Sail Away from Fossil Fuel

      The 2019 Nobel Prize for chemistry was awarded to three scientists for their work developing lithium-ion batteries. The results of their work were on display at the U.S. Sailboat Show, applied in ways boaters can use to keep the beer and other essentials cold while using little or no fossil fuel.

         Lithium-ion batteries are only one of the innovations displayed for capturing, storing and using those elusive electrons that boaters depend on to power lights, radios, navigation equipment and perhaps refrigerators, freezers, microwaves, televisions and other conveniences of home.

         The traditional way to make electricity is to run a generator or the main engine on the boat. Diesel engines like to run under a load. So idling at anchor just to produce enough power to heat up the coffee is not very efficient. Running a separate smaller engine to generate electricity involves more noise and fuel than ideal. So the latest development is a much more powerful alternator and a smarter control system that allows energy to be more effectively captured from the main engine.

         It works so well, said INTEGREL system owner and project manager Steve Knight, that “I run the air conditioning almost all the time in the summer without needing to plug in or turn on the engine.” The outboard motor for his dinghy is also powered by lithium batteries that are recharged from the house bank on the big boat, eliminating the need to carry gasoline.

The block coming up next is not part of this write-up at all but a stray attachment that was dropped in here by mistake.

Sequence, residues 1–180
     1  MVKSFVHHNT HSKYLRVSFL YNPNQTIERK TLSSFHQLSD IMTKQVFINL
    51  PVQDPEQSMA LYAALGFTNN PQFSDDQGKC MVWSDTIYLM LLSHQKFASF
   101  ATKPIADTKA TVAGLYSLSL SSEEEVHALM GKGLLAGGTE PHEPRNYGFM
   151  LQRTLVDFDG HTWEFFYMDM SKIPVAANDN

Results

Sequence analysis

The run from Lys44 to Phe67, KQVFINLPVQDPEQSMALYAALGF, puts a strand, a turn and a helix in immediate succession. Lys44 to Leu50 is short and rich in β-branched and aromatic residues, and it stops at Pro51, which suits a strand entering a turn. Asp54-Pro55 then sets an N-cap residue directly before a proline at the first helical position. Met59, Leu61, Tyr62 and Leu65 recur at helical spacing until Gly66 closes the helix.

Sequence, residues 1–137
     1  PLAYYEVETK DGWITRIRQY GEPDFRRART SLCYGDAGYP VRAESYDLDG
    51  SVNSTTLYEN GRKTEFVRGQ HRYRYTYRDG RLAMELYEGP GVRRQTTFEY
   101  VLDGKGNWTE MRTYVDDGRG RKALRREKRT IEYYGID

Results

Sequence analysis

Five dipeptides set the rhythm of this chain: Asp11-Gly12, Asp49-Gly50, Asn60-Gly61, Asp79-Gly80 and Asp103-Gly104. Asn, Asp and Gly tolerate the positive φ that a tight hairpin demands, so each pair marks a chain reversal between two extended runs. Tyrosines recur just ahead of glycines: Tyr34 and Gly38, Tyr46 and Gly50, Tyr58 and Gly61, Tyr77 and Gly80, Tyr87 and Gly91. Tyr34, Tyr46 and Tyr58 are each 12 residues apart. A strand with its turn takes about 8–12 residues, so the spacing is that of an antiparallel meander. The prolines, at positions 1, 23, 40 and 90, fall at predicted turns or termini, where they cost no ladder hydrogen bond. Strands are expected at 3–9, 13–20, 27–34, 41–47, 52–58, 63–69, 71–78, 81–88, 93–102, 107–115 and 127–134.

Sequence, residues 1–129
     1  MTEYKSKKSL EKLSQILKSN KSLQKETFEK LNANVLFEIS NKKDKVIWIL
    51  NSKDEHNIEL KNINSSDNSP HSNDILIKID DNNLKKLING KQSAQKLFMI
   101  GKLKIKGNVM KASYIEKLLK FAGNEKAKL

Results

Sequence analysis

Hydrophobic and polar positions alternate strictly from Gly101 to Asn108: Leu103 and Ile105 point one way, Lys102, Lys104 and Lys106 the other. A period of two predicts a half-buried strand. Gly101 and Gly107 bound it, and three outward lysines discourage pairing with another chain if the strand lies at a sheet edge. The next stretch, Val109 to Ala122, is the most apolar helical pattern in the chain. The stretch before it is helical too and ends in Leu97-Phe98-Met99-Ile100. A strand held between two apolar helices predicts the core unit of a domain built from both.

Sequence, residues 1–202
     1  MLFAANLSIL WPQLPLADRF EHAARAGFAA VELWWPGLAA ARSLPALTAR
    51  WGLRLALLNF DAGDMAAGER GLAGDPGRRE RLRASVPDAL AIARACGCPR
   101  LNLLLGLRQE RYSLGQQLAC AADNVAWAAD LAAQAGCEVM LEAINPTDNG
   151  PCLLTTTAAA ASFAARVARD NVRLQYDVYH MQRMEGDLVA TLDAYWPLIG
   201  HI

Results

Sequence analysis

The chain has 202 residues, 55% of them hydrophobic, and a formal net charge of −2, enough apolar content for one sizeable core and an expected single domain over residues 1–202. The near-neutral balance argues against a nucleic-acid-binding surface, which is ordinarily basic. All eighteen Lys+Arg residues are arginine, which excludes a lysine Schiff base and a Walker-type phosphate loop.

Totally electric propulsion is also catching on.

         “When we first came to the boat show 10 years ago the reception was downright hostile,” says David DiQuinzio, chief engineer of Annapolis Hybrid Marine. Skeptics doubted the feasibility of a boat relying on electric power. He attributes the success of Tesla cars to changing the mindset and now designs a variety of systems to move small and large craft through the water with hybrid or entirely electric motors.

         Electric propulsion systems are becoming more common in Europe for large commercial vessels as well as small recreational boats.

         “A lot of momentum for electric motors in Europe is coming from Holland, where canals and lakes are heading for prohibitions on gas and diesel engines,” explained Alessandro Acquarone, representing Transfluid, an Italian company that builds hybrid and electric motors, on his first visit to the U.S.

         Alternately, you could use a really long extension cord.